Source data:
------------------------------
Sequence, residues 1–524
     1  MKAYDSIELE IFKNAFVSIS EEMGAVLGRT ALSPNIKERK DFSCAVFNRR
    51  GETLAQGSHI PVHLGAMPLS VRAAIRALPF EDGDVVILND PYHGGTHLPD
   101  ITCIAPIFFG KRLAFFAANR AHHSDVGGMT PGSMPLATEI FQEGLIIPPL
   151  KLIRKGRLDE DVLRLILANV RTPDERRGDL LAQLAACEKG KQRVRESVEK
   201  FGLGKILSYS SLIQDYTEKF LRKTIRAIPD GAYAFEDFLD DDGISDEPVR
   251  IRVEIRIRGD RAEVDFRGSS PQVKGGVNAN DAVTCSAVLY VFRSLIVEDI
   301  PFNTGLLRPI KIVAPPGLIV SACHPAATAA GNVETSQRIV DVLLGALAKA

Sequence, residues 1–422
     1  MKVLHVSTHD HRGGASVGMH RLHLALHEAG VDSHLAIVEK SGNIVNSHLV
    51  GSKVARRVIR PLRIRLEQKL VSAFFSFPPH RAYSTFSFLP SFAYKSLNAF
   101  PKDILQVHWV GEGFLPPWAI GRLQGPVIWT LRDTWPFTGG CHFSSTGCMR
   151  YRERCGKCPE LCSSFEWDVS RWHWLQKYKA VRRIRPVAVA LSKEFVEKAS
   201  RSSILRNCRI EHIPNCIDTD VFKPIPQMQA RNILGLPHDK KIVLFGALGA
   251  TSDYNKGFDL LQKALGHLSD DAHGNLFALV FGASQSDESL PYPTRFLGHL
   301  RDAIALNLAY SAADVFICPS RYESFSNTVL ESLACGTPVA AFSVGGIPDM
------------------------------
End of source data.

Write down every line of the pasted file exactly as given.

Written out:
Sequence, residues 1–524
     1  MKAYDSIELE IFKNAFVSIS EEMGAVLGRT ALSPNIKERK DFSCAVFNRR
    51  GETLAQGSHI PVHLGAMPLS VRAAIRALPF EDGDVVILND PYHGGTHLPD
   101  ITCIAPIFFG KRLAFFAANR AHHSDVGGMT PGSMPLATEI FQEGLIIPPL
   151  KLIRKGRLDE DVLRLILANV RTPDERRGDL LAQLAACEKG KQRVRESVEK
   201  FGLGKILSYS SLIQDYTEKF LRKTIRAIPD GAYAFEDFLD DDGISDEPVR
   251  IRVEIRIRGD RAEVDFRGSS PQVKGGVNAN DAVTCSAVLY VFRSLIVEDI
   301  PFNTGLLRPI KIVAPPGLIV SACHPAATAA GNVETSQRIV DVLLGALAKA

Sequence, residues 1–422
     1  MKVLHVSTHD HRGGASVGMH RLHLALHEAG VDSHLAIVEK SGNIVNSHLV
    51  GSKVARRVIR PLRIRLEQKL VSAFFSFPPH RAYSTFSFLP SFAYKSLNAF
   101  PKDILQVHWV GEGFLPPWAI GRLQGPVIWT LRDTWPFTGG CHFSSTGCMR
   151  YRERCGKCPE LCSSFEWDVS RWHWLQKYKA VRRIRPVAVA LSKEFVEKAS
   201  RSSILRNCRI EHIPNCIDTD VFKPIPQMQA RNILGLPHDK KIVLFGALGA
   251  TSDYNKGFDL LQKALGHLSD DAHGNLFALV FGASQSDESL PYPTRFLGHL
   301  RDAIALNLAY SAADVFICPS RYESFSNTVL ESLACGTPVA AFSVGGIPDM